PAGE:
When we last checked in on this Yaupon bonsai, Ilex vomitoria, it was coming along well with the final stage being development of the crown. It’s been in its bonsai container for a couple of years now, and I’d been waiting for a good time to repot the tree. There have been a couple of issues with it from the beginning: one, it sat a bit high in the pot due to a large and hard root that I did not feel I could cut away in the beginning of this tree’s life in a small container; and two, that large root over on the right-hand side of the tree was a bit visually awkward as a result.


Here’s the tree today. You may notice that it doesn’t have any foliage, which for an evergreen isn’t normal. Well, I had to defoliate because those couple of nights of 22° weather were a tad rough on the leaves. Dead black leaves do not look good on a yaupon, so all of the leaves had to go.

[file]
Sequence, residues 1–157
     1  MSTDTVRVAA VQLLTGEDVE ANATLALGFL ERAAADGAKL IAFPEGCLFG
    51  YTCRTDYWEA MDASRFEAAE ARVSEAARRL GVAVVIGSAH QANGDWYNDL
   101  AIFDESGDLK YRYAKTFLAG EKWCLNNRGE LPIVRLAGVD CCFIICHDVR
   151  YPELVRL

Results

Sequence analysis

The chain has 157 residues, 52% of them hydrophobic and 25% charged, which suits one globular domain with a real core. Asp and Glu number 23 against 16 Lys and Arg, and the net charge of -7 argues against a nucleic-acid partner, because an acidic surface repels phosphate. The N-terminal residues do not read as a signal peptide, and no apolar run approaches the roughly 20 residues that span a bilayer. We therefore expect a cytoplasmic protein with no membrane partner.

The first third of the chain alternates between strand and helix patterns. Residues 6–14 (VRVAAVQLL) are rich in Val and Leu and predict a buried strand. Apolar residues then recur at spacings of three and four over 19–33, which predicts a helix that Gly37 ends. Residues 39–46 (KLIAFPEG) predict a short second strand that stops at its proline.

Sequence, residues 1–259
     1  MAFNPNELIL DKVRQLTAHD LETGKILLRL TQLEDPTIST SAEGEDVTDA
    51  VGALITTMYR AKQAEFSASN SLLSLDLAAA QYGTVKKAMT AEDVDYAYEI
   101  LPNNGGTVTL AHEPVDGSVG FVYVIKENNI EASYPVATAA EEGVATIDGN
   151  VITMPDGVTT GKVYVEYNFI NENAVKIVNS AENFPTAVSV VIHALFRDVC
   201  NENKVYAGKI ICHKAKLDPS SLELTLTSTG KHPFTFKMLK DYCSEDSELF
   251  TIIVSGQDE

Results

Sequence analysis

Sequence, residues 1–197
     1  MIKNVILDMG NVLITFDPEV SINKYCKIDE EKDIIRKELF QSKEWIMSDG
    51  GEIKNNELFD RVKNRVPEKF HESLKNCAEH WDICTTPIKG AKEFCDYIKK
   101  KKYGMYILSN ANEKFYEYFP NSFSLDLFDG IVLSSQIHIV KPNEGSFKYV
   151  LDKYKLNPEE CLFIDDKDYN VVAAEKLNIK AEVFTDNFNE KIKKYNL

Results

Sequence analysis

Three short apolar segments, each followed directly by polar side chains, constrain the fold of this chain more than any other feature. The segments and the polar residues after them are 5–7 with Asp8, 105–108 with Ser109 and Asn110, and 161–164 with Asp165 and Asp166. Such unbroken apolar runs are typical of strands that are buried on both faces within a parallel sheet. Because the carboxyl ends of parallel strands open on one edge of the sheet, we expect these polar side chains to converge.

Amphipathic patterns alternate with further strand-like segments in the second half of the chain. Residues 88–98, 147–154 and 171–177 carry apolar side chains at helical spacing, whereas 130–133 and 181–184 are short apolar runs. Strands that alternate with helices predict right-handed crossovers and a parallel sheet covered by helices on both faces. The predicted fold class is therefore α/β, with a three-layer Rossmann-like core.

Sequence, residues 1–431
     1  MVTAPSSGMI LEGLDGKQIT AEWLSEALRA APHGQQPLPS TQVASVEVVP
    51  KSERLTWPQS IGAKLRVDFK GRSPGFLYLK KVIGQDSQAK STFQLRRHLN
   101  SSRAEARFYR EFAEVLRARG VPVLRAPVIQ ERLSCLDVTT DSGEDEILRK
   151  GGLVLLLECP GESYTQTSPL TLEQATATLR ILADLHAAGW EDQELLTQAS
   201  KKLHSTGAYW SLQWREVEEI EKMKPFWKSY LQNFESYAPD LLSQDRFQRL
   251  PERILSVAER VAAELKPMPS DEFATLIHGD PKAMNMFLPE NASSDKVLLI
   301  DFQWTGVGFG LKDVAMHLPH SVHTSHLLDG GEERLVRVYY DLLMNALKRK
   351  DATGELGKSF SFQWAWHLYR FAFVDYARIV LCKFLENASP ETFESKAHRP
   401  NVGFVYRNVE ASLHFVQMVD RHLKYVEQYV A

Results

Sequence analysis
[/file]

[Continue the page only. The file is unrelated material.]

The roots were very healthy and combed out easily. I went ahead and reduced the large root, which allowed me to place the tree lower in the pot. If you compare this photo with the one above, I think you’ll agree that the base of the tree looks much better without so much exposed big root on the right-hand side.







And finally, after a good trimming and washing/watering the tree. The second key step I took today toward making this a better bonsai was to cut it back fairly hard. Many of the bonsai I see are allowed to get overgrown, due to the reluctance of the artist to do the hard pruning every tree needs from time to time. If I had to name one step everyone could take to make their bonsai better, this would probably be it.

This tree should resume growth in about two weeks. By stimulating the roots by cutting them back, the tree will respond by waking up (given our warm winter) and getting its foliage re-established.